“The UVD Robot is used as part of reducing harmful organic microorganisms in the environment by breaking down their DNA structure,” Hjortshøj said. “We are now helping solve one of the biggest problems of our time, preventing the spread of bacteria and viruses with a robot that saves lives in hospitals every day.”
Associate professor of medicine and biomedical data science at Stanford University, Nigam Shah is working along with many other professors to help find patterns in data and help reduce the spread of the virus.
Shah said that the is current basis of his projects includes looking at patterns in hospitalization data. This kind of data includes, how many patients at each hospital, how many on respirators, etc.
“Our suggestion is to use hospitalization data from your local region for the health system, you’ll be much better off in your capacity planning,” Shah said. “But California has been amongst the most forward-looking and amazingly efficient in responding to the situation. New hospital bed and resource use projection and this allows you to do your county-level or regional hospitalization predictions”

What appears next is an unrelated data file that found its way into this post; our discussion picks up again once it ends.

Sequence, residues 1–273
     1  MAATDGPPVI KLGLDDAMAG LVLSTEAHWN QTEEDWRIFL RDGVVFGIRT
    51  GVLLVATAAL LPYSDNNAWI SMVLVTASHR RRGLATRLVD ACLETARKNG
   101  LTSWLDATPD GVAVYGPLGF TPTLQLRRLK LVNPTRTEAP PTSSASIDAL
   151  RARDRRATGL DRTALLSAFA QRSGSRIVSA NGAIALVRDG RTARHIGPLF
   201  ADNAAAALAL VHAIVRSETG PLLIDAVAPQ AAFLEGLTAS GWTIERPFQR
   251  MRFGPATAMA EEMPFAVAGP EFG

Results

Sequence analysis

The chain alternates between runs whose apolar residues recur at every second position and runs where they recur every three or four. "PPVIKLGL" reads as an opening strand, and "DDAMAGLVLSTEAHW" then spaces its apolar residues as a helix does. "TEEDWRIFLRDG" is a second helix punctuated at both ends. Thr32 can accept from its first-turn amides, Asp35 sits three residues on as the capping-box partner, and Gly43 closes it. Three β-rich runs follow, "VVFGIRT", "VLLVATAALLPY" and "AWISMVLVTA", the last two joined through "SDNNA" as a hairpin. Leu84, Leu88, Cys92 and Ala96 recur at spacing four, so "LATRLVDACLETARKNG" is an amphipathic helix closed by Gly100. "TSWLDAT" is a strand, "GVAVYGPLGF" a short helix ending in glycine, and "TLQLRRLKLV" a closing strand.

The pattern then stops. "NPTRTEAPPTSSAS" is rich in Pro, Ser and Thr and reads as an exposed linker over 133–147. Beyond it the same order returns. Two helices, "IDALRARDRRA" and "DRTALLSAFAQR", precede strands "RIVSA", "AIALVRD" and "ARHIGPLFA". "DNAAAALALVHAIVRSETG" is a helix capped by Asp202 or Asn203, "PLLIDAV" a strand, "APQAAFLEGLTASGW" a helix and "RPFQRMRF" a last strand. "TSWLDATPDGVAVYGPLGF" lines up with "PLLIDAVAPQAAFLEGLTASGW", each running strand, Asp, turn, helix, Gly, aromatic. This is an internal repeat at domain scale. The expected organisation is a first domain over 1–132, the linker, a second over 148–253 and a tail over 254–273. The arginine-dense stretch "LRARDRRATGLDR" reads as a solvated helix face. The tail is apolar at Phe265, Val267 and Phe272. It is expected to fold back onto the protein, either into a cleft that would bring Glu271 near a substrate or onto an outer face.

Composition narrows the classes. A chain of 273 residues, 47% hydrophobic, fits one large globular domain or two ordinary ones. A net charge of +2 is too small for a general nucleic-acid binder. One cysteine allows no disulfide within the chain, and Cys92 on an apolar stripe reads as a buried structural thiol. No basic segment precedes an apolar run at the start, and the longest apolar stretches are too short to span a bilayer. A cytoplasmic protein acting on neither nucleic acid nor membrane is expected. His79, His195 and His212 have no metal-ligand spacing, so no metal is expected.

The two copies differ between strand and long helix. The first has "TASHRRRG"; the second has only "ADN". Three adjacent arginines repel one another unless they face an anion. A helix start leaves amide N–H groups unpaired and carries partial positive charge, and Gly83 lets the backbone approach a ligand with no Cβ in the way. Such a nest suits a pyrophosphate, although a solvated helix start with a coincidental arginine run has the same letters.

Shah also said a variety of data, such as case rates and hospitalizations, needs to be analyzed in order to make the best decisions about how to best stop the spread of the virus.
“For the kinds of things we’re monitoring, as an institution, this is sort of our situational awareness,” Shah said. “We’re looking at the neighboring counties, we’re looking at case rates, hospitalization. How is the number of new cases changing over time? And all of this feeds into our modeling efforts that then inform our hospital and our neighboring counties. How should we think about this situation and be prepared?”
In the Palo Alto community, Computer science teacher Christopher Kuszmaul addresses his opinion on the technological applications being used to stop coronavirus.
Kuzmaul also said that he is unsure of how specifically Artificial intelligence is going to help, but certain data will be helpful in certain situations.
“I doubt that machine learning specifically will make much of an impact on COVID-19 because the processes that it would assist are not a part of anything I am aware of that would make a difference,” Kuszmaul said. “I suppose that there may be a social manipulation component that machine learning could do, such as having the capacity through machine learning to survey the population to detect people likely to have the virus.”